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  • High-Speed Transistorized Adder for a Digital Computer

    Page(s): 461 - 464
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    An adder is described that has been developed for the Floating Indexed Point Arithmetic Unit, FLIP, to be used in conjunction with GEORGE, the existing computer built at Argonne National Laboratory. The logic of the high-speed adder and the special circuits required are presented. The adder is parallel and its high speed is made possible by reducing the carry propagation time. Each bit of the adder contributes one transistor to make up a tall AND gate which reduces the carry propagation time to 0.2 ¿sec. Using this high-speed carry propagation and rather common RCTL transistor circuitry, it is possible to complete an addition in less than 0.25 ¿sec. View full abstract»

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  • Fast High-Accuracy Binary Parallel Addition

    Page(s): 465 - 469
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    Future designs of parallel digital computers will be concerned with increased accuracy in arithmetic operations. When the number of bits per operand is increased, one basic speed limitation to these operations is the time required to propagate carries in addition or borrows in subtraction. A quantitative method of evaluating the drastic reduction in time achieved by asynchronous addition techniques is described. View full abstract»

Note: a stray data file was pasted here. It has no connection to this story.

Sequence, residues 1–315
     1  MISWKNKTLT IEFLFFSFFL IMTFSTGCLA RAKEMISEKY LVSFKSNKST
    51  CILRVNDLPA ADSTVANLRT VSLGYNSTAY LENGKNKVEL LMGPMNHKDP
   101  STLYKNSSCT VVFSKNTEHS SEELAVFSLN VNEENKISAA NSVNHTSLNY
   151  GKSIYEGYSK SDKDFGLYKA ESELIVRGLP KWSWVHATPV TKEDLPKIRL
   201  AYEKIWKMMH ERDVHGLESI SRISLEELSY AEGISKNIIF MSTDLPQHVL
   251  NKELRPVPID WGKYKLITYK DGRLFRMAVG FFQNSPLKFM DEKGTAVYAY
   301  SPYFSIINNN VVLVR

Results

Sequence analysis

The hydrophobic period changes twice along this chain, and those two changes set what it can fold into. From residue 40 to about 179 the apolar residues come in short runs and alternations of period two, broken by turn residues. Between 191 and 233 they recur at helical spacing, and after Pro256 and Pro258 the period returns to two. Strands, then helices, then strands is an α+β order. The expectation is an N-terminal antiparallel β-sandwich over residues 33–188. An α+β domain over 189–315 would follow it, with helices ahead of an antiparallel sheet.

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  • Characterizing Experiments for Finite-Memory Binary Automata

    Page(s): 469 - 471
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    The characteristics of a discrete automaton with a finite memory can be determined by an experiment of a finite length. This paper discusses the properties of such experiments, and presents methods for their optimal construction. Specific results are given for binary-input automata with the memory ranges 0, 1, 2, 3 and 4. View full abstract»

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  • Statistical Recognition Functions and the Design of Pattern Recognizers

    Page(s): 472 - 477
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    According to the model discussed in this paper, a pattern recognizer is said to consist of two parts: a receptor, which generates a set of measurements of the physical sample to be recognized, and a categorizer, which assigns each set of measurements to one of a finite number of categories. The rule of operation of the categorizer is called the ``recognition function.'' The optimization of the recognition function is discussed, and the form of the optimal function is derived. In practice, a prohibitively large sample is required to provide a basis for estimating the optimal recognition function. If, however, certain assumptions about the probability distributions of the measurements are warranted, recognition functions that are asymptotically optimal may be obtained readily. A small numerical example, involving the recognition of the hand-printed characters A, B, and C is solved by means of the techiques described. The recognition accuracy is found to be 95 per cent. View full abstract»

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  • The Simplification of Multiple-Output Switching Networks Composed of Unilateral Devices

    Page(s): 477 - 486